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chairman of joint chiefs of staff, admiral michael mullen told the senate something way more blunt than anybody expected, something that sounded what you'd say to start a war or explain after the fact why you already started the war. >> the network for one acts as an arm of pakistan's internal services intelligence agency. with isi support, operatives plan conducted that truck attack as well as the assaults on our embassy. >> admiral mullen saying pakistan has been more or less directly been killing american soldiers. in this truck bombing in eastern afghanistan which wounded 77 americans on the eve of this year's 9/11 anniversary and this big coordinated attack on the u.s. embassy and international military headquarters in kabul last month. mullen saying when a group called a haqqani network mounts attacks like these on america, that haqqani network is pakistan and in his words, it's an arm of pakistan's intelligence service.
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that's the kind of thing that does not usually get said out loud and directly. when the u.s. government says another country is killing u.s. troops out loud and directly, that's close to the u.s. government saying, here we come, let us introduce you to the united states marine corps. then a few days after mullen dropped that bombshell in the senate, another one dropped. "the new york times" quoting anonymous sources saying publicly for the first time when u.s. and afghan officers were ambushed at a meeting in pakistan in 2007, they weren't ambushed by militants, by locals, by the taliban or something. they were ambushed by the pakistani officers the americans were meeting with. quote, at first the meeting to resolve the border dispute seemed a success. despite some tense moments the delegations ate lunch together, exchanged phone numbers and made plans to meet again. as americans and afghans prepared to leave, the pakistanis opened fire without warning. again, this happened in 2007. which means americans have been keeping news of this ambush
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quiet for four years. what were they waiting for for four years? why have they decided to tell the story publicly now after four years? then the unexpectedly brutal truth about pakistan trifecta was completed today by named u.s. sources on the record. the headline in the "usa today" newspaper, majority of ieds are traced to pakistan. quote, from june through august, u.s. troops detected or were hit by more than 5,000 ieds. the most for any three-month period since the afghanistan war began in '01. those bombs killed 63 troops and wounded more than 1,200. more than 80% of the ieds are home made explosives using fertilizer produced in pakistan. pakistan effectively directs the activities of the group that attacked the u.s. embassy in afghanistan last month and set off a truck bomb that wounded nearly 80 u.s. troops. pakistani personnel directly attacked and killed an american
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major and wounded three other u.s. officers in 2007. also pakistan the primary source for the material for the bombs that are the primary means of killing americans in the afghanistan war. okay. single most shocking thing about those three news flashes is not that they are true. these things are awful news, but they are not shocking given what we know about pakistan. what is shocking is that different parts of the u.s. government and the u.s. military are now letting us, the american public, know all of these things. all at once. in quick succession. why are they telling us this now? are they trying to prepare us for something?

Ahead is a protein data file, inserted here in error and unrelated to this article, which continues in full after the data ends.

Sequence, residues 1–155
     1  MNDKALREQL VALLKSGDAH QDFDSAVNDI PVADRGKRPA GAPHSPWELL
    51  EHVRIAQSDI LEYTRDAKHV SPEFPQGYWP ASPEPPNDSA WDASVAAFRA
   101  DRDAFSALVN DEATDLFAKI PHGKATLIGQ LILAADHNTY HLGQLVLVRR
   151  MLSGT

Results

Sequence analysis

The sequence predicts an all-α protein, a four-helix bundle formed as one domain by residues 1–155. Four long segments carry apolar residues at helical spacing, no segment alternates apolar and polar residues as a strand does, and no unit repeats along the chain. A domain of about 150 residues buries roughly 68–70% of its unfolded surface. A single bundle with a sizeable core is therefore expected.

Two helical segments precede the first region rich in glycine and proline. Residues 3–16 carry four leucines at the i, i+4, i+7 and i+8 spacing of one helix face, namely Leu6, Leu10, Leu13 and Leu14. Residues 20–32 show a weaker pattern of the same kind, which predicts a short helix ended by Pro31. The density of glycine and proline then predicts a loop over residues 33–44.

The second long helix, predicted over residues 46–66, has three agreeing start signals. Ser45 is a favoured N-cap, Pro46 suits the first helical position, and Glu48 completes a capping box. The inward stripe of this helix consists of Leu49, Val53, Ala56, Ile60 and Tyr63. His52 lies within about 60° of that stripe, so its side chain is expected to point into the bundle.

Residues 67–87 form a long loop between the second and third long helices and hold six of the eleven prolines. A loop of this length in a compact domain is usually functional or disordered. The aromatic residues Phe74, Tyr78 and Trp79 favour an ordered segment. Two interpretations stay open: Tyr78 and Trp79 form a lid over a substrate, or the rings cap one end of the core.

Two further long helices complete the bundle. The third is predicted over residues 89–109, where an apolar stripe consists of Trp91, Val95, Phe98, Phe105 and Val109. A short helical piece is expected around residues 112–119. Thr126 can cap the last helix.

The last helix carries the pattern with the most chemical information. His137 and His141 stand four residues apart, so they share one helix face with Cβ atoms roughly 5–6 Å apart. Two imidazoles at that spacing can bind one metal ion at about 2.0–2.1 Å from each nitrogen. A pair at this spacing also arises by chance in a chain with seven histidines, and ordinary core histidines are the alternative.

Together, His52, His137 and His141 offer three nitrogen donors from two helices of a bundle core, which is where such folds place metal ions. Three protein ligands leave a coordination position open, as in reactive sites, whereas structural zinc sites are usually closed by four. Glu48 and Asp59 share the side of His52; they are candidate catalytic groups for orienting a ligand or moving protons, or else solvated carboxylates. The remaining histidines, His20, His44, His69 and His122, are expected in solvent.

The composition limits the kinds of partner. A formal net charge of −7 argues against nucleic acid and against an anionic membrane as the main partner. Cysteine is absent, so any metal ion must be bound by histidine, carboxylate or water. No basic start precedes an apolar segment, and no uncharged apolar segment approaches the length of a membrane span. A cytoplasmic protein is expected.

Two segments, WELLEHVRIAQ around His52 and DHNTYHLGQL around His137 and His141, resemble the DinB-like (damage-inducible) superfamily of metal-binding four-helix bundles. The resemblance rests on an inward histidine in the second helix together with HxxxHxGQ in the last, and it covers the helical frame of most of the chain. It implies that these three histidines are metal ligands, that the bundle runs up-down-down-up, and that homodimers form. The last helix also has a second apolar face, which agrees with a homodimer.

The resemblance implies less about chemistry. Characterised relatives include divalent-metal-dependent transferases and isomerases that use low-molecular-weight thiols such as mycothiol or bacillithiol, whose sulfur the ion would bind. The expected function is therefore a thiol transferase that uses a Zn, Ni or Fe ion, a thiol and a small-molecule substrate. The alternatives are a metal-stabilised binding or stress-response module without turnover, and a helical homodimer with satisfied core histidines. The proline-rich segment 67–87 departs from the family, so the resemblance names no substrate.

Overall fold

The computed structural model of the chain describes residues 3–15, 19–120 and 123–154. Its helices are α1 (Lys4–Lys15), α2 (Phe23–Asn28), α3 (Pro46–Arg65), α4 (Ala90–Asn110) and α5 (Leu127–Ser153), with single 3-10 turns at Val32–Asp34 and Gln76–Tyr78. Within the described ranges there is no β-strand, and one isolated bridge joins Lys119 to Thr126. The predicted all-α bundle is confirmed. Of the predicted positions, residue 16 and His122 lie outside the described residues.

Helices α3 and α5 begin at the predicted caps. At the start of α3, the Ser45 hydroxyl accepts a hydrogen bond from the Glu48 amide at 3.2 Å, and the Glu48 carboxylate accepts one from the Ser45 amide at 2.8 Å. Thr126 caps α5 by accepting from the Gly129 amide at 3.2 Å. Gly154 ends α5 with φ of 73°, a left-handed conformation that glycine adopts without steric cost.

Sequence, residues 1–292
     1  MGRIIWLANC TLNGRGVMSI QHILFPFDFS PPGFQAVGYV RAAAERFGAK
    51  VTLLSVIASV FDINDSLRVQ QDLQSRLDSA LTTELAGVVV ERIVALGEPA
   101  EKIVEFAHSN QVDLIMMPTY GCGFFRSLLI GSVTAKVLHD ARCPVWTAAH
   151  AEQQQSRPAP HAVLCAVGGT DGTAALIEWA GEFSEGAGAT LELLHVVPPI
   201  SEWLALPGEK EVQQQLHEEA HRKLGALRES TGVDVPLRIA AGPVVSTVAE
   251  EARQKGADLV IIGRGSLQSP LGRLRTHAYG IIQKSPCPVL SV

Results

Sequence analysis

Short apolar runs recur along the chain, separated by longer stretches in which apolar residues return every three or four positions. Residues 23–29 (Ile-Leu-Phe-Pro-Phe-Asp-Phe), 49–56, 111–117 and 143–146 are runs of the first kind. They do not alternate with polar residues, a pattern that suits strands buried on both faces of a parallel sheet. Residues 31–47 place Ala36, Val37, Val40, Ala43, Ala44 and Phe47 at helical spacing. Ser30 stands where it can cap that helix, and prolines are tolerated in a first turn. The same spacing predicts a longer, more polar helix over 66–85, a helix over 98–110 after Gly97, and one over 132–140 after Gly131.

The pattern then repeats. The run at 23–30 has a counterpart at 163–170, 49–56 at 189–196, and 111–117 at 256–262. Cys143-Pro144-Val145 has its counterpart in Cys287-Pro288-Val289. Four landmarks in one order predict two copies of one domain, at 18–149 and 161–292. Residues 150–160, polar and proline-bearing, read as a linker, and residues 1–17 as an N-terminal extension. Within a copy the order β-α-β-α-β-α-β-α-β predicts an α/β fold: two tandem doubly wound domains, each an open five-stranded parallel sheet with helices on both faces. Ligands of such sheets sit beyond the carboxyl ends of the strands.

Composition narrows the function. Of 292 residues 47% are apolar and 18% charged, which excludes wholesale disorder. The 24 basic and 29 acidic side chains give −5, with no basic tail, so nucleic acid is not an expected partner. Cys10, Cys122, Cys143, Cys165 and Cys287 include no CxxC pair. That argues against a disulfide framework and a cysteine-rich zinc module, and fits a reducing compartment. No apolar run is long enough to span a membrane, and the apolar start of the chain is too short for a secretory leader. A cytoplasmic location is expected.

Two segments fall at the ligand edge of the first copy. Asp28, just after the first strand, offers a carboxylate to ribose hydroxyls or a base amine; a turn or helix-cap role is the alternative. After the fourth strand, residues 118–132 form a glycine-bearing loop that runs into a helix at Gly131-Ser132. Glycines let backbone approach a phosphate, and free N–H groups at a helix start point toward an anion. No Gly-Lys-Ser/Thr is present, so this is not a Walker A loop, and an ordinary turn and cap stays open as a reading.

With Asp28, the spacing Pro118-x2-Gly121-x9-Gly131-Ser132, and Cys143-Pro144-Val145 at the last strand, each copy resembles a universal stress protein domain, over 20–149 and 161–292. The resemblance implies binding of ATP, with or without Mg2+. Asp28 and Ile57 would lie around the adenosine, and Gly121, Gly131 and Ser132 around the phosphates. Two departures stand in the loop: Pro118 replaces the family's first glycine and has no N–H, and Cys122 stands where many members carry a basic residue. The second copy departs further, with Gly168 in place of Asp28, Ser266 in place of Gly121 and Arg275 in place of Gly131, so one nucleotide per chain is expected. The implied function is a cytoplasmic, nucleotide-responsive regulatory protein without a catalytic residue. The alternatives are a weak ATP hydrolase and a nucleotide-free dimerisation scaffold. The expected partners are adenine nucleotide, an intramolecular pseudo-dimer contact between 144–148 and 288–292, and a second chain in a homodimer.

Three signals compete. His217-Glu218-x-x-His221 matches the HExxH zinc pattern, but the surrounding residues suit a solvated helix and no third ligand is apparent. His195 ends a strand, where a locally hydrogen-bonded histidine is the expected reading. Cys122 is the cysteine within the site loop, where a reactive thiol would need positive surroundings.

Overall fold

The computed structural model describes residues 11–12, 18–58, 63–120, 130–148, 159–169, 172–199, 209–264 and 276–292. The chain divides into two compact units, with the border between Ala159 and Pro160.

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the best new thing in the world today comes from the occupy wall street protest in lower manhattan. the protesters there have been barred from electronically amplifying their voices. to blow horns, no microphones. they instead have to rely on the human voice, alone. early on in the two-week-old occupation, they came up with an ingenious operation that they
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call the people's mikes. it goes like this. >> on september -- >> on september. >> 17th -- >> 17th. >> 2011 -- >> 2011. >> people from all across -- >> people from all across. >> the united states of america -- >> the united states of america -- >> and the world came to protest -- >> came to protest -- >> of the economic and political elites -- >> of the economic and political elites. >> you get the idea, right? one person speaks and the crowd repeats their words in unison so everybody can hear what the unamplified person said. this weekend nobel prize winning economist joseph stiglitz visited the occupy wall street protest and his words to the protests were similarly amplified by the people's mike. watch. >> before talking about economics, i want to say something about democracy.
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>> before talking about economics, i want to say something about democracy. >> in july i was in spain. >> in july i was in spain. >> talking to the indignados there. the protesters. >> talking to the indignados there. the protesters. >> there i could use the blow horn. i didn't have to go through this eco chamber. i realized the pedagogy of having to repeat what i saw is very valuable. >> i realize the pedagogy of having to repeat what i saw is very valuable. >> joseph stiglitz throws them a spanish word for protesters. yet the group is so practiced at this now that even i realize the pedagogy of having you repeat what i say is very valuable gets repeated lickety-split.
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they did very well. obviously this is something that can pretty easily break down, but even when it does break down, it is still kind of awesome. >> our financial markets -- >> our financial markets. >> have an important role to play. >> have an important role to play. >> they're supposed to allocate capital, manage risk. >> they're supposed to allocate capital, manage risk. >> but they misallocated capital and they created risk. >> but they misallocated capital and they created risk. >> i love the look on the guy's face behind him when he didn't quite get that last line right. they misallocated capital and they created risk. the people's mike as not just a translator and amplifier but also an awesome artifying factor in this process. the translation and amplification of nobel prize winning economic thought and everything else happening there, too, i h